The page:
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(Mar 29, 2005)
No cash! Mugen, Jin and Fuu need money fast. Fuu tries to model, but it turns out to be a trap. When they arrive in the capital city, they delay their quest to join an eating contest, but find out the hard way they need to watch who they hang with! If some guy they meet isnt wanted by the cops, then hes trying to kill them or take their wallet- either way, you know theyre going to wind up in the middle of a fight... The outstanding animation directed by SHINICHIRO WATANABE (Cowboy Bebop, Animatrix), designed by KAZUTO NAKAZAWA (Kill Bill Vol.1) and MAHIRO MAEDA (Last Exile, Blue Submarine No.6) and powered by fresh sounds from Tsutchie, fat jon, Nujabes and FORCE OF NATURE! Outstanding animation and music done right with anamorphic widescreen video and surround sound audio (5.1 English, 5.1 Japanese)!
The mayhem and imagination never flag in director Shinchiro Watanabe's first series since Cowboy Bebop. Fuu poses for a Ukiyo-e (woodblock print) artist, only to discover he's tied to a criminal ring that traffics in young girls. She joins Mugen and Jin to escort gay Dutch trader Izaak Titsingh on a tour of Edo. Izaak tries to pass himself off as Japanese--despite an Ahnold-esque accent. The clever, well-researched visuals in these episodes play off Van Gogh's paintings, shunga (erotic) prints, Kabuki costumes, and the 17th-century anthology The Great Mirror of Male Love. "The Art of Altercation" reveals just enough of Jinn's past to explain why the taciturn swordsman has so many enemies. All four episodes offer plenty of the outrageous mixture of traditional martial arts and cutting-edge hip-hop moves that have made Samurai Champloo a fan favorite. (Rated 16 and older: violence, profanity, brief nudity, sexual situations, alcohol and tobacco use) --Charles Solomon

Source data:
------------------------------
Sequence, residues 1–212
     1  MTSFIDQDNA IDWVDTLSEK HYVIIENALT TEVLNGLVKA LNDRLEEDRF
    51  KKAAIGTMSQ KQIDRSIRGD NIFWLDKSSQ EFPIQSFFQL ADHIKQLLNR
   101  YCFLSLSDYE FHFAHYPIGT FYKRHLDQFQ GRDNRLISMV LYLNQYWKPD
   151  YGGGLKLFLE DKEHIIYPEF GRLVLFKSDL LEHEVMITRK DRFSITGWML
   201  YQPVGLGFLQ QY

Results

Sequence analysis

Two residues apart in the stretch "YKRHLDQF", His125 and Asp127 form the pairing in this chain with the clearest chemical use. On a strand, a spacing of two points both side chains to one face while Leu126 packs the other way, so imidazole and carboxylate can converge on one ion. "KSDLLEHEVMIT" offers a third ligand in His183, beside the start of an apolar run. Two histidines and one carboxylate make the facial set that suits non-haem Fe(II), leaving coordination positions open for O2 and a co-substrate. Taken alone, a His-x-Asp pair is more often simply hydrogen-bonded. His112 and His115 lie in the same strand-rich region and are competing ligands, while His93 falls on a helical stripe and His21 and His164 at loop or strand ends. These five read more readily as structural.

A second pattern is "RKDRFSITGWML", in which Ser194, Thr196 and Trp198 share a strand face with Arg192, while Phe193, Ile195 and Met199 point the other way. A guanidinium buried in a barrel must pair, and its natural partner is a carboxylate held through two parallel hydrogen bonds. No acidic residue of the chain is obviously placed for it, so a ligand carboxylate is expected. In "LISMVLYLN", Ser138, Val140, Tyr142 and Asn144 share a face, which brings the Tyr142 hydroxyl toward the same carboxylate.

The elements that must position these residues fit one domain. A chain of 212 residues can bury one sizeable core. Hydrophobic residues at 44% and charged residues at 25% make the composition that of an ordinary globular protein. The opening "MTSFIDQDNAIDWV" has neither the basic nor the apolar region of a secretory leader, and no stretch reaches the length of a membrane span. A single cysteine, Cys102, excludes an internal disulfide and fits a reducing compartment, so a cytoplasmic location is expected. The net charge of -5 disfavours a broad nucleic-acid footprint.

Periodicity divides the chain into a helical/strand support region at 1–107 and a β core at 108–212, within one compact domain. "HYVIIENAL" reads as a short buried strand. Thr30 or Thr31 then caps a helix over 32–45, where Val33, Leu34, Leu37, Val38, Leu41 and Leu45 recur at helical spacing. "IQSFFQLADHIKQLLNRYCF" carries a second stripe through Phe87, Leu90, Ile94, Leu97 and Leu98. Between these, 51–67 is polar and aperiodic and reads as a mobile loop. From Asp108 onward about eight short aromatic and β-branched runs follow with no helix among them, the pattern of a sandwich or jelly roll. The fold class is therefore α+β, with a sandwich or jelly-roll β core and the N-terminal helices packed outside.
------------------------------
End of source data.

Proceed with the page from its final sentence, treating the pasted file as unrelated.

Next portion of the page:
When I first watched the Samurai Champloo series I wasn't all that impressed. After watching it a second time in really does grow on you. Read morePublished on February 24, 2009 by A. Polasky
Watching Samurai Champloo is, at times, an uneven experience.
Watanabe brings his audience exactly what they expect: quality. Read more
Are you ready to be served a feast of hip hop beats and Asian pop culture? Just order a dvd box of "Kung Faux" fun and "Samurai Champloo" son and your apetite will be will... Read morePublished on March 26, 2006 by Jamal Chin
If you're even showing an interest to vol.2 then you most likely own or have seen vol.1. Even then I recommend this one as much as any of them, since you gotta watch the whole... Read morePublished on March 21, 2006 by Alberto Hernandez
It's the same formula of hip edgy moods and attitudes that you felt in BEBOP. Hip hop replaces jazz as the underlying tempo of the show, and characters play great off of each... Read morePublished on March 20, 2006 by Reggie
After catching a few episodes on Cartoon Network's 'Adult Swim', I finally decided to invest money and time in this series. Read morePublished on January 20, 2006 by M. Strange
Okay, so this is above-average anime. It's not insulting or infantile - so what's not to love?
But I have to say that it feels a little flat after Bebop. Read more
I really appreciate this anime. It has a bazillion great moments and makes me fall out of my seat laughing quite often. It has a great story and the characters and memorable. Read morePublished on October 16, 2005 by Nathan Ridling
This is the second chapter in this exciting series, as the "semi-friendly" trio search for the "Samurai who smells like sunflowers. Read morePublished on August 31, 2005 by Justin D. Lemme